Surge in US Yields Fails to Take USD Higher
China data helps improve global growth sentiment
China has seen a series of troubling developments in recent months, particularly originating from its real estate sector, which has significantly dampened investor confidence. This trend intensified during the summer as conditions in the property market worsened. However, today's release of China's real GDP data presents a glimmer of hope for those concerned about the economy's ability to withstand the adverse effects of the real estate downturn.
In the third quarter, China's real GDP expanded by 4.9% year-on-year and by 1.3% quarter-on-quarter, driven by an upswing in consumer spending. This data strongly suggests that the government's policy support measures are starting to take effect, making the 5.0% real GDP growth target for 2023 seem attainable. Notably, retail sales growth accelerated from 4.6% year-on-year in August to 5.5%, offering a substantial counterbalance to the real estate sector's weakness. Meanwhile, property investment took a further hit, declining from -8.8% to -9.1% year-on-year.
The positive data did initially lead to a notable drop in the USD/CNY exchange rate, moving from approximately 7.3120 to a low of 7.2980. However, much of the initial optimism sparked by this data has since reversed. The shadow of uncertainty looms large over Chinese property stocks, particularly with the Country Garden issue still unresolved and the spectre of a potential formal default looming. In fact, a Bloomberg index tracking Chinese property developer shares today reached a level not witnessed since 2009. As a result, the broader Chinese stock market is down today, exerting pressure on authorities to take further action to mitigate the anticipated negative impact on economic growth arising from the real estate downturn.
At its zenith, the real estate sector accounted for 25% to 30% of China's GDP growth. Now, the challenge is to replace this lost economic activity, and the sustainability of consumer-driven growth remains in question.
Nevertheless, in the short term, financial markets perceive a silver lining in the data—indicating that China's economy may be stabilizing, or even modestly strengthening. This perception plays a crucial role in curbing the ongoing appreciation of the US dollar, especially in a global environment marked by weak growth prospects. Small shifts in the global macroeconomic landscape can have a significant impact on momentum, especially when the dollar is seen as overvalued.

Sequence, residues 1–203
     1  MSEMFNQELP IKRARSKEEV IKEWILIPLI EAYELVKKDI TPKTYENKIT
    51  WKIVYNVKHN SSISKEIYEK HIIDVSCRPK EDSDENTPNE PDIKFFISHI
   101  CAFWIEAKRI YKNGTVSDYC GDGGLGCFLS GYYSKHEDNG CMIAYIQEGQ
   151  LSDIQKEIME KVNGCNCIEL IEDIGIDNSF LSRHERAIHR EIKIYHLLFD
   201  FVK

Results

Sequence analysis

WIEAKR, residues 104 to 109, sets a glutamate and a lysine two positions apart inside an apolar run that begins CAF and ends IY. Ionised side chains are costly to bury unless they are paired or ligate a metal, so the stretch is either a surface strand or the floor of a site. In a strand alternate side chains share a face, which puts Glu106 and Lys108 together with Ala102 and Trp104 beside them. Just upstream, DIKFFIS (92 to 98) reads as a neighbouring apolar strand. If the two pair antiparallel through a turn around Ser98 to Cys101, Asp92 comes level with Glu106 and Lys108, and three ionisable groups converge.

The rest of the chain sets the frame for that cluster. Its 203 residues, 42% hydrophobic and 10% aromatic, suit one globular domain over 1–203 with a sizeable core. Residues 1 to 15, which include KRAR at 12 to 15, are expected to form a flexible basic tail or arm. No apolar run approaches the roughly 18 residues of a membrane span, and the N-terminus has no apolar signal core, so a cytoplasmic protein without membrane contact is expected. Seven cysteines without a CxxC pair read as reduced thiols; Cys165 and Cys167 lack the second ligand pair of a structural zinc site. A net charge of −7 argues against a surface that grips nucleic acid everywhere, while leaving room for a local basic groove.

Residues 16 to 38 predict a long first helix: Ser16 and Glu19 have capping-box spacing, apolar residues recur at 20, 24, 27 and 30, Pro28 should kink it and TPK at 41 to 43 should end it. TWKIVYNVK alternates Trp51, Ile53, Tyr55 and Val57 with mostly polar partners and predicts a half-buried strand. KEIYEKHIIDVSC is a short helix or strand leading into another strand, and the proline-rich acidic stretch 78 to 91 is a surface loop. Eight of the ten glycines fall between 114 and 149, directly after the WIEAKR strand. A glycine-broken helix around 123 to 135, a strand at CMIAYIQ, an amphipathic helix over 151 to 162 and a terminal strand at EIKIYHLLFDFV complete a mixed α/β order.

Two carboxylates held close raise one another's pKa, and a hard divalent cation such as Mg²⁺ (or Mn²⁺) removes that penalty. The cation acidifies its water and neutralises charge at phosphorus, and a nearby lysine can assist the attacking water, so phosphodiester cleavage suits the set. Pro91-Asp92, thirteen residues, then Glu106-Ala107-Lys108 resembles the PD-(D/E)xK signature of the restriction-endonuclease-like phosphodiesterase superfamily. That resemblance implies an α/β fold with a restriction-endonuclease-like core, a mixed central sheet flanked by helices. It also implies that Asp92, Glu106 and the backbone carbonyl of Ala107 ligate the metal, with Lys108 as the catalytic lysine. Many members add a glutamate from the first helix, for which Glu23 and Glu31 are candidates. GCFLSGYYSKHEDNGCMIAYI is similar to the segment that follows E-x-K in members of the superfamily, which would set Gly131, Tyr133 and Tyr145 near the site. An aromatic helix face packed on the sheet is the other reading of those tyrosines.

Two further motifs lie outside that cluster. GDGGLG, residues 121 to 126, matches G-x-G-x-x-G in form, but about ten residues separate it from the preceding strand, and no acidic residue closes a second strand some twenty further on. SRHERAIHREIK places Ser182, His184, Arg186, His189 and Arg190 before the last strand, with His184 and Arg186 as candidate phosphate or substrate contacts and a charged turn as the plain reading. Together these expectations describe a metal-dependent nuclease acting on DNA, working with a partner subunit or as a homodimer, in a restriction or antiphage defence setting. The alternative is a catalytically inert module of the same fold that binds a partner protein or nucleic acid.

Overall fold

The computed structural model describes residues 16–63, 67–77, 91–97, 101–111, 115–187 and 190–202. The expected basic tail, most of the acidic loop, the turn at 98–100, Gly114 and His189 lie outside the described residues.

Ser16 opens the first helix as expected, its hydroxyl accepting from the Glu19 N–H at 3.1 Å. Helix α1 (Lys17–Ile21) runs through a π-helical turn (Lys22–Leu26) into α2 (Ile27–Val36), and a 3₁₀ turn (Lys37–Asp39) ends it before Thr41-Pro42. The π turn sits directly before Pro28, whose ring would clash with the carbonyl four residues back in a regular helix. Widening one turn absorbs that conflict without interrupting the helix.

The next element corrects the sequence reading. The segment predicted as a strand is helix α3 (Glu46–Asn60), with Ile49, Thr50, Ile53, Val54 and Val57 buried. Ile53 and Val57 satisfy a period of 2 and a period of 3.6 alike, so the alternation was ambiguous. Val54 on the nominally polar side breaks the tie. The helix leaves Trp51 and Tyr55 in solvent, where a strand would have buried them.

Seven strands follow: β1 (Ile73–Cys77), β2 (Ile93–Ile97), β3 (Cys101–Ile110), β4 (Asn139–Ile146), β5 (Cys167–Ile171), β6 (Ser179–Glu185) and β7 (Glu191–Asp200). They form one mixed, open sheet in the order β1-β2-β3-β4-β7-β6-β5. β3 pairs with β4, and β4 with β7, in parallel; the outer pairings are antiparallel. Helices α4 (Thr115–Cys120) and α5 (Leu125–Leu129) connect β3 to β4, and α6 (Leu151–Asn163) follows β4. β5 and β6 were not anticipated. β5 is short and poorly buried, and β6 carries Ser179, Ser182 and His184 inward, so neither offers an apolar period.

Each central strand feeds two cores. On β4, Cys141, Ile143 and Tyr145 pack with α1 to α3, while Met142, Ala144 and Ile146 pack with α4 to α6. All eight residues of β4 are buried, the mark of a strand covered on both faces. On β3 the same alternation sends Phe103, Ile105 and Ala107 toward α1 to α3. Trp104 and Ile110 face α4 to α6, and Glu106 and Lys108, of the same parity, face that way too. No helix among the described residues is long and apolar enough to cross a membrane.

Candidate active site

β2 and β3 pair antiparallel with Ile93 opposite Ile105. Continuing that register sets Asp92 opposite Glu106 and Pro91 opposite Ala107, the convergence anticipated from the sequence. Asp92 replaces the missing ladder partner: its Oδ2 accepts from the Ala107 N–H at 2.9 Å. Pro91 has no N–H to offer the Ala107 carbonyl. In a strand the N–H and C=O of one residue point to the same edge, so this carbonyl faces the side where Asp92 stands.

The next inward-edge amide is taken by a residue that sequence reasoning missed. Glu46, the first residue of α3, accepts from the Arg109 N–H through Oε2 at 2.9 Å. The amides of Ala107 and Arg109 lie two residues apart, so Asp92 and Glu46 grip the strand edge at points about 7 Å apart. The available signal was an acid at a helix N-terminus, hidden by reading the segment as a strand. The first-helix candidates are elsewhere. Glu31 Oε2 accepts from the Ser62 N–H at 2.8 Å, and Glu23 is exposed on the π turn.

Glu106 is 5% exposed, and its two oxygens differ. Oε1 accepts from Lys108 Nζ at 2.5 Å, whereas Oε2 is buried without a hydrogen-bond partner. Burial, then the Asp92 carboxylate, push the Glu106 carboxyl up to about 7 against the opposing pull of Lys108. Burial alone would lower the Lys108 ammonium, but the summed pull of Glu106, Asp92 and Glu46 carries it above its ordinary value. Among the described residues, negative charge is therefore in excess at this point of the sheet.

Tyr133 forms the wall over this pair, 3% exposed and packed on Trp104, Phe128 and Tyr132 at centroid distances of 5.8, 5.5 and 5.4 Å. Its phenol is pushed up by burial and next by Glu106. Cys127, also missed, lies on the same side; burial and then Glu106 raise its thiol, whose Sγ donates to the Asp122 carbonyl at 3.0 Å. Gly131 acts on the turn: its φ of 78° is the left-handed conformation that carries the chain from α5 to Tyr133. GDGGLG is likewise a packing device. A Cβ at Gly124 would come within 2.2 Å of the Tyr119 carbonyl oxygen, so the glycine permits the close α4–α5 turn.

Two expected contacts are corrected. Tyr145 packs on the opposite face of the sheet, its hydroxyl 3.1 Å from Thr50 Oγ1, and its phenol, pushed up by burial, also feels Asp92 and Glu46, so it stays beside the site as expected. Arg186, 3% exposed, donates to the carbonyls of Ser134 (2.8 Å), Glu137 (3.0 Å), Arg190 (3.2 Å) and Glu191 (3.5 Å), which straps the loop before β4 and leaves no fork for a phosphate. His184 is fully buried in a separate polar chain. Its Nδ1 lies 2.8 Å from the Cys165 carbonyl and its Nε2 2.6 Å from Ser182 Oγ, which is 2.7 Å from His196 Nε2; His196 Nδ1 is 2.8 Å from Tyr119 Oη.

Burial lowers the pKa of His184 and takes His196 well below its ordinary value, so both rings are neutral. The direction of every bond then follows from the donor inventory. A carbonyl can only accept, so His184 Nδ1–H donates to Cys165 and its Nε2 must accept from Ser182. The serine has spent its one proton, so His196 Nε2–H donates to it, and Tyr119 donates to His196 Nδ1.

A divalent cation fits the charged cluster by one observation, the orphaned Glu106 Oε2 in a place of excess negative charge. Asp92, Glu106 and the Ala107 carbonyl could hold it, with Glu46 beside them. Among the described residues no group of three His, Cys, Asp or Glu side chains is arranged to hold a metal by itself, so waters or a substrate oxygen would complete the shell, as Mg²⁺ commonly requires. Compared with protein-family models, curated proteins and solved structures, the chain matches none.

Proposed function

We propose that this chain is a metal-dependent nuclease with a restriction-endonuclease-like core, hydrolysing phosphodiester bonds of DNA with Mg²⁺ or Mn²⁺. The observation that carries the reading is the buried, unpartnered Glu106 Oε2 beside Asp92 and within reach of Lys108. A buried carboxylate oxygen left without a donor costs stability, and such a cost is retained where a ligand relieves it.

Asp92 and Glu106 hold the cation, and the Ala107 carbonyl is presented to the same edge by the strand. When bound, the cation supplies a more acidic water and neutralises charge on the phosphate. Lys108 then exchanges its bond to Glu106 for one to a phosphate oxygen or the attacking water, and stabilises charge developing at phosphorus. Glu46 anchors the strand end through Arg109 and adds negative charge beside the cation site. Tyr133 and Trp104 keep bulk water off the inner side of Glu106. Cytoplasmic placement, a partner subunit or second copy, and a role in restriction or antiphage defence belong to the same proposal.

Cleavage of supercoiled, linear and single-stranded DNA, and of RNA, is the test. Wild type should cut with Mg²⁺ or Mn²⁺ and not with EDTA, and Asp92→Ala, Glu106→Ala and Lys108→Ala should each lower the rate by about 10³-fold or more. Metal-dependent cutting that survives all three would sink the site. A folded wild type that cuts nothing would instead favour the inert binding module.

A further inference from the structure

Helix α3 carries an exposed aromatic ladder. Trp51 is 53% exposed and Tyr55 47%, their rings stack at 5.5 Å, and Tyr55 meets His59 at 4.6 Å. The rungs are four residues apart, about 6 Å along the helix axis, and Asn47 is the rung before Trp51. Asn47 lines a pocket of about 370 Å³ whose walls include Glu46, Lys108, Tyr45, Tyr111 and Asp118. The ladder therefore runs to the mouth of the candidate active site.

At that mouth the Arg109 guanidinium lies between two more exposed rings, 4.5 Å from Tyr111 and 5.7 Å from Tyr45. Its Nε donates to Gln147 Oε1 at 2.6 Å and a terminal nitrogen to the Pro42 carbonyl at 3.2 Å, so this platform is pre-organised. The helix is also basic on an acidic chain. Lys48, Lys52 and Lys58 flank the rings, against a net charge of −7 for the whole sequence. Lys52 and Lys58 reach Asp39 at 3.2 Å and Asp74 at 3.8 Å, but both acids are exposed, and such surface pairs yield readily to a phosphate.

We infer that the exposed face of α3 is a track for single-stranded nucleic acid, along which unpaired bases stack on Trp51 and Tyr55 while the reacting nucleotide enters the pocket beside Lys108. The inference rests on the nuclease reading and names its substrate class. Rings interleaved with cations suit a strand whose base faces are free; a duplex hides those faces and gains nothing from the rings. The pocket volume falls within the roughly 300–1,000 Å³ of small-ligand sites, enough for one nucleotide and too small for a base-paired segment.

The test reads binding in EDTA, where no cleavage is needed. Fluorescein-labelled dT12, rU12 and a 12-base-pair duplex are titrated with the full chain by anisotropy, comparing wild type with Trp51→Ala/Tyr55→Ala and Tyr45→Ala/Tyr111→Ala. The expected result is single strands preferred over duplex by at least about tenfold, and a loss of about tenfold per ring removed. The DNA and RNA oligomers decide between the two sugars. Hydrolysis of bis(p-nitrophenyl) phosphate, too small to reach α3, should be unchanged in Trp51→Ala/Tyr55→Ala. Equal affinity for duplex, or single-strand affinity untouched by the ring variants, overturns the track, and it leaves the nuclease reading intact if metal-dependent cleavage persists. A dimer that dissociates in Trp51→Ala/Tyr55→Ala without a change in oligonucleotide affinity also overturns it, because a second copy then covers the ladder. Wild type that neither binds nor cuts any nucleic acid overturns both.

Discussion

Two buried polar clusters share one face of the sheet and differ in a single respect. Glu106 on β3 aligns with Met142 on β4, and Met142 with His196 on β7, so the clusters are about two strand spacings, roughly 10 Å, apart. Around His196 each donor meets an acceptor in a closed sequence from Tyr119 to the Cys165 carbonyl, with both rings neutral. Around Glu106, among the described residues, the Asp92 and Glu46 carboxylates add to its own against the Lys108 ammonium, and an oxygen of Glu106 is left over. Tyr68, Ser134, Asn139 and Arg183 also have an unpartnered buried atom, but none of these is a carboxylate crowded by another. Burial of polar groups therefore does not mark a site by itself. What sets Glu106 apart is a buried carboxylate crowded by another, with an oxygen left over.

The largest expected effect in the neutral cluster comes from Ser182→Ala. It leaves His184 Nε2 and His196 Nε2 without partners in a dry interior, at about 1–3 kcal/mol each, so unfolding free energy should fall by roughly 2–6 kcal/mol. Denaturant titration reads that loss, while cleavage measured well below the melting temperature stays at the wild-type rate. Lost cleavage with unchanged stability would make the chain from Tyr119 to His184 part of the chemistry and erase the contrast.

Resilience in the face of surging US yields
The recent price action in the foreign exchange market has been quite intriguing. Despite the release of a robust US retail sales report and a surge in US yields, the US dollar unexpectedly weakened. This deviation from the usual market response has raised eyebrows. The 2-year US Treasury (UST) bond yield, for instance, shot up by 14 basis points to reach a new cyclical high of 5.24% on the previous day. Normally, such a spike in yields would have spurred a strengthening of the US dollar. However, the DXY index, which initially saw a modest uptick following the retail sales data, subsequently fell by 0.5%, closing 0.2% weaker compared to the previous days open. This is particularly noteworthy considering the escalating tensions caused by the hospital bombing in Gaza, which led to higher crude oil prices today.
The lack of a straightforward explanation for this unusual dollar behaviour has left market participants puzzled. Some suggest that there may have been position liquidation ahead of a deluge of important data from China, with speculation that the results could surpass expectations. Additionally, recent developments have contributed to the dollar's lacklustre performance. The release of minutes from the Reserve Bank of Australia (RBA) suggested a greater likelihood of another rate hike, while European Central Bank (ECB) officials voiced concerns about rising energy prices and the associated risks to inflation. While short-end yields did increase in Germany, the magnitude was not as pronounced as in the United States.
Another factor potentially eroding the US dollar's positive momentum is the heightened attention on political gridlock in Washington. This gridlock is increasingly pointing towards a government shutdown expected to commence on the 17th of November. Representative Jim Jordan's failed bid to become House Speaker, coupled with irreconcilable divisions among 20 staunch Republicans, has impeded progress in passing budget legislation. These political uncertainties could further discourage investors, leading to the liquidation of long US dollar positions.
In summary, the recent dynamics in the foreign exchange market, characterized by the dollar's surprising weakness despite favourable economic indicators, are perplexing. It is unclear why the dollar has failed to respond in its typical fashion, but it may encourage continued selling as momentum traders seek to reduce their long positions.
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